Joint Committee On Human Rights Written Evidence

14. Memorandum from Austen Morgan, Barrister at Law, Temple


  1.  I am a barrister in private practice in London and in Belfast. I was professionally involved in the negotiation of the Belfast Agreement (Cm 4705), and am the author of The Belfast Agreement: a practical legal analysis (London 2000). My practice includes public and private international law, and, like all UK advocates since 2 October 2000, I consider human rights points on a daily basis. I have a professional website:

  2.  I am critical of the Northern Ireland Human Rights Commission ("NIHRC"), which puts me in a large camp. However, I have sought always to be precise about my objections. The NIHRC would not have been allowed to persist in Great Britain. I am torn between sympathy for the Northern Ireland Office ("NIO"), which has responsibility for accounting for the NIHRC, and exasperation at its failure to curtail damaging gesture politics in Belfast.

  3.  There is a great deal I could say about the NIHRC. However, I trace all the faults to: the ten commissioners appointed by the Secretary of State, with official advice, in early 1999. Essentially, the government handed a new public body to the controversial Committee on the Administration of Justice. The commissioners were meant to be "representative of the community in Northern Ireland"[110]. A minister told parliament what this meant[111] He was ignored subsequently by official and/or ministerial colleagues.

  4.  Despite the resignation of three of the four commissioners who dominated the NIHRC, the NIO has failed to correct this fault. An opportunity was missed in early 2002 to rebuild the NIHRC. The blame for the conduct of the NIHRC lies with the government.


  5.  I can best answer this question by attaching a confidential document I drafted in the first months of the NIHRC. On 30 September 1999, the NIHRC published a draft strategic plan. I provided a legal commentary, dated 13 November 1999.[112] All responses were politically vetted by NIHRC staff[113], indicating that no account would be taken of the points made. At paragraph 466 of the legal commentary, I made 13 recommendations to the NIHRC and the Secretary of State.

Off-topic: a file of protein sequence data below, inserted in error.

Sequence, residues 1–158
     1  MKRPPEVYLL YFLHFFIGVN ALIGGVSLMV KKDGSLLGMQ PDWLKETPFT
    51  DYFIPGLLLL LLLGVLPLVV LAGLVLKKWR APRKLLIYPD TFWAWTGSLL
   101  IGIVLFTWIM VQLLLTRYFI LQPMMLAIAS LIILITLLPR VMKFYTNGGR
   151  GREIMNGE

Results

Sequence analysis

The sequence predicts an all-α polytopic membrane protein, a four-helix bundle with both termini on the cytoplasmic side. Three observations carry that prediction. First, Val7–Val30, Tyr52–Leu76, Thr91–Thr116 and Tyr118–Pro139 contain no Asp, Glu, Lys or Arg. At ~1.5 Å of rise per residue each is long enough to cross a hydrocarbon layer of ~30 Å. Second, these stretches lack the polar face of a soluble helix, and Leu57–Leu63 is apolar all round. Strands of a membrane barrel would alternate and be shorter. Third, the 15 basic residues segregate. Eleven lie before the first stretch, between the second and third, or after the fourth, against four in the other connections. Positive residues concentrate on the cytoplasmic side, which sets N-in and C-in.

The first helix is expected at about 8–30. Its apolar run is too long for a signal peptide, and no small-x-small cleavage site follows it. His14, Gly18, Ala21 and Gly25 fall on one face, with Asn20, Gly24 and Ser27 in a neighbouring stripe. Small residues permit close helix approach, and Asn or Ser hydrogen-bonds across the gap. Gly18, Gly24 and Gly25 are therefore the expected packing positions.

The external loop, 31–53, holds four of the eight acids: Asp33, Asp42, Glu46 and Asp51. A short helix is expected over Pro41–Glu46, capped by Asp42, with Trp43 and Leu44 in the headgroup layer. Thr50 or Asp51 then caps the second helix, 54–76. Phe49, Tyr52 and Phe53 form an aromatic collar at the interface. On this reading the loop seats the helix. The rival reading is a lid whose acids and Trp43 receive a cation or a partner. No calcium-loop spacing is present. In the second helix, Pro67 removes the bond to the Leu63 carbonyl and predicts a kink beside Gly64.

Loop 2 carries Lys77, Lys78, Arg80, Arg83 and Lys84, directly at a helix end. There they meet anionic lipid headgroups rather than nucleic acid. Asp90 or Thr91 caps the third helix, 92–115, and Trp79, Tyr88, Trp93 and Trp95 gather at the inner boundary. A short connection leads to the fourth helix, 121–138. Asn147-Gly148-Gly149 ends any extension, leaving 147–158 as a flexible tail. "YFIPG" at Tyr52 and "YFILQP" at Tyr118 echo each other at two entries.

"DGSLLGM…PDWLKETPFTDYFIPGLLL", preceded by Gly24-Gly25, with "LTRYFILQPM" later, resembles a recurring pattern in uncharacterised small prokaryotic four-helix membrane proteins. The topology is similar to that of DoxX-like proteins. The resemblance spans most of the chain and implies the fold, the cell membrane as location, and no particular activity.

6.  I can best summarise the problem of the NIHRC with a simple table. This shows on the left what the NIHRC has done in 1999-2002. The points on the right were what any colloquium of genuine human rights lawyers would have advised for Northern Ireland—
NIHRC 1999-2002[114] Problems and perspectives ignored
A Commission dominated by the Committee on the Administration of Justice A Commission representative of the community in Northern Ireland
A Chief Commissioner who revealed anti-unionist views at the time of his appointment[115] A Chief Commissioner determined to maintain a centrist stance between the two tribal communities
An employment policy seemingly based on reverse discrimination and alternative working practices Recruitment on merit, especially of officials acquainted with the culture of efficient and accountable public bodies
A Commission which adopted a pan-nationalist interpretation of the Good Friday Agreement A Commission respectful of the constitutional position of Northern Ireland as a devolved part of the UK
Revival of the CAJ's project of a Bill of Rights for Northern Ireland, contrary to the terms of the Belfast Agreement Commitment to the UK's Human Rights Act 1998
Collusion with the Irish GovernmentPrincipled criticism of the Irish Government's failure to implement its human rights obligations under the Belfast Agreement